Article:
“The question of medicinal cannabis first became visible to Melissa Sue Butler through her work as a hospice nurse, when she discovered it had been making a difference in a pair of her patients.
But when a bill giving terminally ill patients access to cannabis for medicinal use passed the state Legislature this year [HB195], Butler didn’t rejoice.
‘I was actually disappointed that it passed, not because I don’t want people to have access, but because I think (it) doesn’t give people anywhere near adequate access,’ she said. ‘Once they’re off of hospice, they won’t have access to that. … (And) it’s not just hospice patients that need it.’
Butler is among a vocal group of Utah advocates who have made it clear they are done trusting the Legislature with the issue of medicinal cannabis…”
Rep. Daw had his usual “careful reformer rap” ready to play. He calls his position “the happy middle ground.” And who knows, it may be in his mind.
That is, his spectrum takes the slightly updated versions of the reefer madness myths of the 1930’s which are embraced by several Utah law enforcement agencies (in Weber County at least – we’ve heard nothing like the extreme rhetoric they’ve embraced elsewhere) as one pole. And it takes the program outlined in the initiative – which is already the most conservative “full program” to be put up for a vote compared to the 29 state programs already passed (for which it’s criticized by some Utahns as too limited) as the other pole.
So HB195 may look something like “a happy medium” to him, but in reality, the highly limited, so-called “right to try” program isn’t remotely close to being half-way meeting the known patient needs. Nor is it 25% of the way or 10% of the way. At best, it’s more like 2% – if that – as in our opinion, it’s primarily a “message bill” whose primary PURPOSE is still to delay or prevent the enactment of the real program 76% of Utahns are calling for.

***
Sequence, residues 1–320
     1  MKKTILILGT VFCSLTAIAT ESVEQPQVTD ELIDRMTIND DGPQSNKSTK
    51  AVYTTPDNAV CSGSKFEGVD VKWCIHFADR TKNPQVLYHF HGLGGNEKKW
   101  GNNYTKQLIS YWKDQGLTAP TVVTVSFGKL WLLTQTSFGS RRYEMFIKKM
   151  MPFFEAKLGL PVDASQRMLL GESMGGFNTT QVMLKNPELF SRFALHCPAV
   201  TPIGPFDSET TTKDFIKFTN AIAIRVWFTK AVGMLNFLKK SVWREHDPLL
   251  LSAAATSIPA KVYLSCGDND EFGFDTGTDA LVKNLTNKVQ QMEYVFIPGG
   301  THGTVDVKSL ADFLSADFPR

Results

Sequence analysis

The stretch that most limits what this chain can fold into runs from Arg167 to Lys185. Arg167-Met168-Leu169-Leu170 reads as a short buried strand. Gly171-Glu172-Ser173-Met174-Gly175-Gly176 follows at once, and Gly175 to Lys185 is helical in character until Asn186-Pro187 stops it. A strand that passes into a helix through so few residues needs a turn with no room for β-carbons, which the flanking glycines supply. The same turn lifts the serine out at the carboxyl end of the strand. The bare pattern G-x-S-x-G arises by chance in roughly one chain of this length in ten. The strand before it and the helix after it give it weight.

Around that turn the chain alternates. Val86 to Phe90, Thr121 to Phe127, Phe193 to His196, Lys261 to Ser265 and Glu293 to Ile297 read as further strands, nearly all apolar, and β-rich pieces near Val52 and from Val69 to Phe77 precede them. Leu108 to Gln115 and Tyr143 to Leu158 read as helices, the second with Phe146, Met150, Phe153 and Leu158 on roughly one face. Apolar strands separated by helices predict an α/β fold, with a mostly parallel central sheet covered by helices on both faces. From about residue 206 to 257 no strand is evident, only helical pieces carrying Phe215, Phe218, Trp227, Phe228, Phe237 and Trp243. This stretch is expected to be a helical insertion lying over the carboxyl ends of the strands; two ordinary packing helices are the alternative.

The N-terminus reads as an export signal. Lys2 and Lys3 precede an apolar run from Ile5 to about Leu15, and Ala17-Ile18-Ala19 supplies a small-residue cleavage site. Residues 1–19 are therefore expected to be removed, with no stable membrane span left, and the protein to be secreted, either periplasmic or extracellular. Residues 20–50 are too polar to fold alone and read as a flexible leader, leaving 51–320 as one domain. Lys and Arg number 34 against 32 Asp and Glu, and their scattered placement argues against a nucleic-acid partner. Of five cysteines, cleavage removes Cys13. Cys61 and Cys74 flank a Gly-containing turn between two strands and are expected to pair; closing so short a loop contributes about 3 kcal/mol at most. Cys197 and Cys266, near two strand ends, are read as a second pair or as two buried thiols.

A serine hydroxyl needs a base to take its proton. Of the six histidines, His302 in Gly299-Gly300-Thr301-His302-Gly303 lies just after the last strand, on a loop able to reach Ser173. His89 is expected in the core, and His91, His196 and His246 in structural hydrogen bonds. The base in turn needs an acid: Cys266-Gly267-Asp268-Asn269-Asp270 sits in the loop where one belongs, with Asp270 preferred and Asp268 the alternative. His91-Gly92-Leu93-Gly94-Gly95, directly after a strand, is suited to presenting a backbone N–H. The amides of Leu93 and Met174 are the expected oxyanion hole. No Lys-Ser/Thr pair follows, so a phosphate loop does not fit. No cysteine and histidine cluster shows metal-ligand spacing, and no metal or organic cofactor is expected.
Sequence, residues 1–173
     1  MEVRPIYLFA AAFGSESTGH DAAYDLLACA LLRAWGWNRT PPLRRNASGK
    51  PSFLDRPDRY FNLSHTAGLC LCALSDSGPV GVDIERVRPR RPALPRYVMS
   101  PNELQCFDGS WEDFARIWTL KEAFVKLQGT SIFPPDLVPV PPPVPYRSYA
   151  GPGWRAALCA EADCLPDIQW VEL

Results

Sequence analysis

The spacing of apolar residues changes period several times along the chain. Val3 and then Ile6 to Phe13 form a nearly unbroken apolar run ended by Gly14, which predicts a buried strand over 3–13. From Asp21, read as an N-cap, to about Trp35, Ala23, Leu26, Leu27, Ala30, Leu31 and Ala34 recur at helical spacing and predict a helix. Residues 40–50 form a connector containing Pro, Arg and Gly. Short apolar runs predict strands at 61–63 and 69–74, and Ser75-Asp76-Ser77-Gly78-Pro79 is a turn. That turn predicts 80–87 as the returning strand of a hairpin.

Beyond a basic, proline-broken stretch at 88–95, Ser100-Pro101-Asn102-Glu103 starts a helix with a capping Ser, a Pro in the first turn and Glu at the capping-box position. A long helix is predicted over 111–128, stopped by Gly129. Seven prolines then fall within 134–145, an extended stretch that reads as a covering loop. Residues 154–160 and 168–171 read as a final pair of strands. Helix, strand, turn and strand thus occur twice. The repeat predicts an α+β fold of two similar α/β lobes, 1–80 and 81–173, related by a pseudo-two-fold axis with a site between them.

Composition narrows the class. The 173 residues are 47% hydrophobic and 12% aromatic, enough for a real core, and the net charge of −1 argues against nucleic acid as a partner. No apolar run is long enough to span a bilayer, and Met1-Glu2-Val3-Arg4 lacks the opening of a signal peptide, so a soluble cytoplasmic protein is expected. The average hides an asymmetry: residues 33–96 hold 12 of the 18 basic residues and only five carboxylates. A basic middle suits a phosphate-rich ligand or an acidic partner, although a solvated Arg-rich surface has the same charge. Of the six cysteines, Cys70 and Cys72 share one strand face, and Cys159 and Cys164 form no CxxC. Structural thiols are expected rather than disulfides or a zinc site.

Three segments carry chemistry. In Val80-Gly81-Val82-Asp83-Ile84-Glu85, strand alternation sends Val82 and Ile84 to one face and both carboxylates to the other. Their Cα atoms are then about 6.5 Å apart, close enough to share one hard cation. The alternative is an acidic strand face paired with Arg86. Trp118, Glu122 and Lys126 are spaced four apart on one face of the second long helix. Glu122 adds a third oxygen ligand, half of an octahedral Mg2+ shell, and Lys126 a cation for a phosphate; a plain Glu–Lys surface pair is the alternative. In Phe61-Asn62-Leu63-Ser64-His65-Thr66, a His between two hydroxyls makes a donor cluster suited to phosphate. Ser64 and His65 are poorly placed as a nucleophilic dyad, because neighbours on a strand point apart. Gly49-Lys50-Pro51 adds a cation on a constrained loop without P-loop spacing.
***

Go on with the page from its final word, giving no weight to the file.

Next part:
[Also allow us to point out that as we understand the structure and function of government, the purpose of law enforcement is just that: to ENFORCE the laws – not to define and MAKE them. Rep. Daw needs a new definition of his other pole, not a government agency.]
The article also covers the fate of lesser bills none of which are exactly as advocates would have written them. #HB197 – outlining a pilot state growing program for #HB195 and last year’s HB130 – seems to be the worst, but would be replaced by the Initiative’s program if passed.
The other bills – #HB25 (expanding research) #HB302 (Hemp pilot programs) and #SB130 (regulating CBD products) are briefly described in the article and TRUCE will be discussing the session on the air and elsewhere soon. Watch our blog for details.
And PS: #HB471 and #HB225 – Daw’s Initiative restrictions both crashed and burned – with lots of input from an angry public, thanks! A small but real victory!
#MMJ #UTleg #UTpol #UtahNext #TRUCE
See full article – 5 medicinal cannabis bills pass, but advocates and lawmakers still at odds